Riley then arrived in the north country with a hitlist of lakes that he had to spend some time on. “The last item of business was hitting the water for some paddles-in-the-water theory testing!” he says.

“Because I fish several lakes that are deemed ‘no motor’ lakes, they normally don’t have improved launches or any at all. We often pull the truck up as close as we can and then carry the boat to the water. If there happens to be an improved launch, I am able to back my kayak trailer into the water and wet launch,” he describes.

Riley also accesses fisheries requiring the addition of a wheeled cart to the underside of the kayak, to be able to hand-tow his rigs through the woods to the water’s edge.

What Riley didn’t mention is how drainage lakes can be accessed from feeder creeks and streams where you could then paddle through, up to a mile or more, into them.

Difficulty of access can correlate to bigger bass and better quality fishing and fisheries, but is not always the case.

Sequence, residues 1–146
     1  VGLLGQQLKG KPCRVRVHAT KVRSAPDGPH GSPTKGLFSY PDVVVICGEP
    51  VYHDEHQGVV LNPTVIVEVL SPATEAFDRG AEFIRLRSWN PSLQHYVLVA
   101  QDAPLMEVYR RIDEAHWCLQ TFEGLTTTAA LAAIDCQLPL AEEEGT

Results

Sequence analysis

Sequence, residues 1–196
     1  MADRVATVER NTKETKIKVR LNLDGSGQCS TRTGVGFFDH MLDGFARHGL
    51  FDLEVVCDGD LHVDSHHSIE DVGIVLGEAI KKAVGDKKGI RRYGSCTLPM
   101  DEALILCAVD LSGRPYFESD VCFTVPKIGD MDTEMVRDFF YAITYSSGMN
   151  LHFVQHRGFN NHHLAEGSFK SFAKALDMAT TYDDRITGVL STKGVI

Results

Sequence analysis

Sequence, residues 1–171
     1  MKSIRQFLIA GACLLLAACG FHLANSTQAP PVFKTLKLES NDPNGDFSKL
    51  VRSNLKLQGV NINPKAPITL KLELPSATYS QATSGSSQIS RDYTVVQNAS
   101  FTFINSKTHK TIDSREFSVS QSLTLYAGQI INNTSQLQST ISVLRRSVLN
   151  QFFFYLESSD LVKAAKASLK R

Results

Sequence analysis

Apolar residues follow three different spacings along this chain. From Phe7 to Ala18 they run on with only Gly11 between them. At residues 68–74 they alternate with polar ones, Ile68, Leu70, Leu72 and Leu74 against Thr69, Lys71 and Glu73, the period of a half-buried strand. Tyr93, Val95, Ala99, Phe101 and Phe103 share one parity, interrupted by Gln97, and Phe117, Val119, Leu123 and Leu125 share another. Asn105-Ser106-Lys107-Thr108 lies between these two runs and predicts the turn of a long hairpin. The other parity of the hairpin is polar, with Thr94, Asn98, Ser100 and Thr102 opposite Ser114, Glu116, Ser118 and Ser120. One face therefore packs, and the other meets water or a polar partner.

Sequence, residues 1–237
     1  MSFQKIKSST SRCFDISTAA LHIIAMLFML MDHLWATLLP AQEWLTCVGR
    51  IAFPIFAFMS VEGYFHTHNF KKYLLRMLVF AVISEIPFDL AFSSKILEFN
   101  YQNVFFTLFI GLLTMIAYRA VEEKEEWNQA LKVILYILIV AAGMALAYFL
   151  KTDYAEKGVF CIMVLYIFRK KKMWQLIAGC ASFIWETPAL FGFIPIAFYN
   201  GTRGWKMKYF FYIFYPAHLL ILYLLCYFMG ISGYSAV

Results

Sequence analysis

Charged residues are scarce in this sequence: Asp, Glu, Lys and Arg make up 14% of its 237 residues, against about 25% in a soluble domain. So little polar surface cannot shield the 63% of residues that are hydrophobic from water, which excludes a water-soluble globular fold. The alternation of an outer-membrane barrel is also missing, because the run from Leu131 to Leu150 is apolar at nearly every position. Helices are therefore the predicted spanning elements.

“I know for sure my confidence goes way up when I have to work hard to get into a lake,” Riley admits. “But let’s face it, the really big smallies are most likely to be in waters with big, oily, baitfish,” he concludes.

For example, Riley’s two personal-best smallmouths were captured from completely different types of access lakes. “One was a quarter-mile portage, and the other was within sight of a major highway. Both lakes are loaded with ciscoes,” he affirms.

Often, wind and weather conditions will play a major role in determining lake selection, the logistics, and trip itinerary.

If wind is problematic for boat control, never use an anchor. “I like to drift using the wind,” he says. Riley paddles upwind from where he wants to fish and drifts back. If he needs to, his pedal-drive Hobie enables him to be stationary.

Throughout the Northwoods, there are several small, sheltered lakes where Riley and his clients can sneak back into to fish comfortably. He turns to these waters whenever the wind boots them off bigger lakes.

“When guiding for smallmouth bass, I like to stick to lakes under 300 acres – even better if less than 150 acres,” he says.

Smaller waters are easy to navigate, allowing you to stealth into tight areas where smallmouths lie.

Riley admits he would like to be able to guide on river systems and their tributaries but it takes a very skilled kayaker and experienced client to allow him to fish thoroughly on his favorite rivers. River fishing is not for beginner paddlers.


Riley’s Rigs

A member of the Hobie Kayak Fishing Team, Riley furnishes his clients with multiple kayaks.